Let's Talk About Wedding Invitations
In this "ask the experts" interview, the duo behind Haute Papier offers tips on unusual save-the-dates and making your own invites.
What are your suggestions for an unusual save-the-date card?
One of our favorite ideas is to "publish" a magazine all about your wedding—from a story on how you met to reviews of restaurants in the town where the wedding will take place. We don't like the trend of sending out Evites as "save-the-dates" or invitations. Your best friend from college might not mind having the invite come into her Outlook inbox, your Aunt Jane might not be so impressed.
Any advice for couples who'd like to make their own wedding invitations?
Before you take on the project of creating invitations yourself, it's important to assess how comfortable you feel designing, cutting, and gluing. We do this daily, as all of our invitations are handmade, and a set of 100 invitations can take three full-timers anywhere from 30 hours to weeks. If you are set on do-it-yourself invitations, visit your local paper store to figure out costs. Then, assess whether you really have time for the project.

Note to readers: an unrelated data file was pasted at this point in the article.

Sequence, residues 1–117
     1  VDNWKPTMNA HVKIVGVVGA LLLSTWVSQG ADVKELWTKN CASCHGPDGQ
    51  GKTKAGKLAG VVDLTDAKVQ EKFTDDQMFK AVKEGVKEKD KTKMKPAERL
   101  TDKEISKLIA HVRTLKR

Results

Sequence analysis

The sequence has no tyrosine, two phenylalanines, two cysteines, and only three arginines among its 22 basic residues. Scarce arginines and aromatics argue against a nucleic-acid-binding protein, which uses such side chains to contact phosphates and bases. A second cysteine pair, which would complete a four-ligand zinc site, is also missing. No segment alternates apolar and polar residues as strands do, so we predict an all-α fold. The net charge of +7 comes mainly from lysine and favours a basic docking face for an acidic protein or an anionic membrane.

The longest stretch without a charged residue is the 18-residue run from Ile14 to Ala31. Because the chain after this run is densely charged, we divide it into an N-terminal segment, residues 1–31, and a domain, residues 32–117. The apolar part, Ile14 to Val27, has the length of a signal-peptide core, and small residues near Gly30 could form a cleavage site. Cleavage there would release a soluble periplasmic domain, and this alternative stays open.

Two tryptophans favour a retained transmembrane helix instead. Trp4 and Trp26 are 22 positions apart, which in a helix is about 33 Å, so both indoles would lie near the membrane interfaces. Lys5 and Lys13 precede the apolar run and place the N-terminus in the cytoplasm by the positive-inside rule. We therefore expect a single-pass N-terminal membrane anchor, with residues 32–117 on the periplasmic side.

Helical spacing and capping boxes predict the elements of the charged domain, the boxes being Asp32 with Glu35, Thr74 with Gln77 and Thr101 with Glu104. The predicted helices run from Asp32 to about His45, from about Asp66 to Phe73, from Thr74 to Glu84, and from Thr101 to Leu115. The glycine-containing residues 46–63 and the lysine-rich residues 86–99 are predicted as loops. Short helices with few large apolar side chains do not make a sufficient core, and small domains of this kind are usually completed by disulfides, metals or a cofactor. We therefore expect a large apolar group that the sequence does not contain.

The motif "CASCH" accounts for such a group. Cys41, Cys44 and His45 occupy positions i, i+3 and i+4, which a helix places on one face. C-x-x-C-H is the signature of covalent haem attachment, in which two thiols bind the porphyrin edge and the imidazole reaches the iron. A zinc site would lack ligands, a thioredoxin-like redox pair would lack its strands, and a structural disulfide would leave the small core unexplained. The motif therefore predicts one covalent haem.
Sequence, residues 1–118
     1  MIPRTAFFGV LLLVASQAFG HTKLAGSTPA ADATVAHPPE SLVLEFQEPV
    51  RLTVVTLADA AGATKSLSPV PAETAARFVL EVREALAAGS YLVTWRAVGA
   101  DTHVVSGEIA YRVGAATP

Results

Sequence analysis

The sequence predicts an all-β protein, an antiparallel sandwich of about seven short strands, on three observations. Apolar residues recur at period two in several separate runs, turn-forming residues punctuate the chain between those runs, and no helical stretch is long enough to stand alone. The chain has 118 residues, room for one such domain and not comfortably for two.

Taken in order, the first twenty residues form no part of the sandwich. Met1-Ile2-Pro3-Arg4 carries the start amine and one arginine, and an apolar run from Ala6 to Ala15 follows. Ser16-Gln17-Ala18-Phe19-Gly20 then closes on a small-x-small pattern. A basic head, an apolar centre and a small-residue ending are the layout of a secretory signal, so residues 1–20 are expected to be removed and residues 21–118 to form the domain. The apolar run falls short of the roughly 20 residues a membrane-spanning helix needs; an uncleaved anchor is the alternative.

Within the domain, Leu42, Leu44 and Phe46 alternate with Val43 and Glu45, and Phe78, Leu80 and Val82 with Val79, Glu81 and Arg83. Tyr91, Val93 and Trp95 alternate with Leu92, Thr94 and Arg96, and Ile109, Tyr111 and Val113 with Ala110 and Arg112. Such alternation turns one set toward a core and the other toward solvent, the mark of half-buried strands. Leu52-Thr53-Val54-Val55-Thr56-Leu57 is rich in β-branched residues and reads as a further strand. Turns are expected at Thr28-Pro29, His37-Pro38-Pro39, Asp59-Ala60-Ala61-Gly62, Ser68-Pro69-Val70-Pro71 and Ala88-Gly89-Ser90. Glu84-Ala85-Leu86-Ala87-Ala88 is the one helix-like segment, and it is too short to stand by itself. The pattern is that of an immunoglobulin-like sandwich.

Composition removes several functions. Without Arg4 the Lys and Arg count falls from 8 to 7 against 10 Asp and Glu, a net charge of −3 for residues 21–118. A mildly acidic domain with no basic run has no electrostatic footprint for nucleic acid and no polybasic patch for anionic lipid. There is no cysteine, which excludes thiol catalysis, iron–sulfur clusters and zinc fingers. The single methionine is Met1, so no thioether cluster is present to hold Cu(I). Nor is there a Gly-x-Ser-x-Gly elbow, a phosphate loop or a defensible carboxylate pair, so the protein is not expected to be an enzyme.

Do you offer recycled-paper invitations?
Most of the papers we use (and have been using for the last couple of years) are at least 30-percent post-consumer recycled paper. We've gone as far as using soy-based inks while letterpressing on saa paper. It is important, as part of our business model, to be as environmentally responsible as we can be, but surprisingly, not that many people seem to be concerned about it.
How much time do you recommend to create a custom invitation?
We recommend four to six months. That gives everyone involved plenty of time to put together the absolutely perfect invitation set. With that being said, we've done things in a matter of hours.
What's the weirdest invitation request you've ever gotten?
Two of our favorites were sending full bottles of Veuve Cliquot via bike courier and creating invitations cut into the design of papel picado [perforated paper]. We always work off of what the client is looking for.
This interview first appeared in the Winter/Spring 2009 issue of Washingtonian Bride & Groom. Photograph by Dean Alexander.
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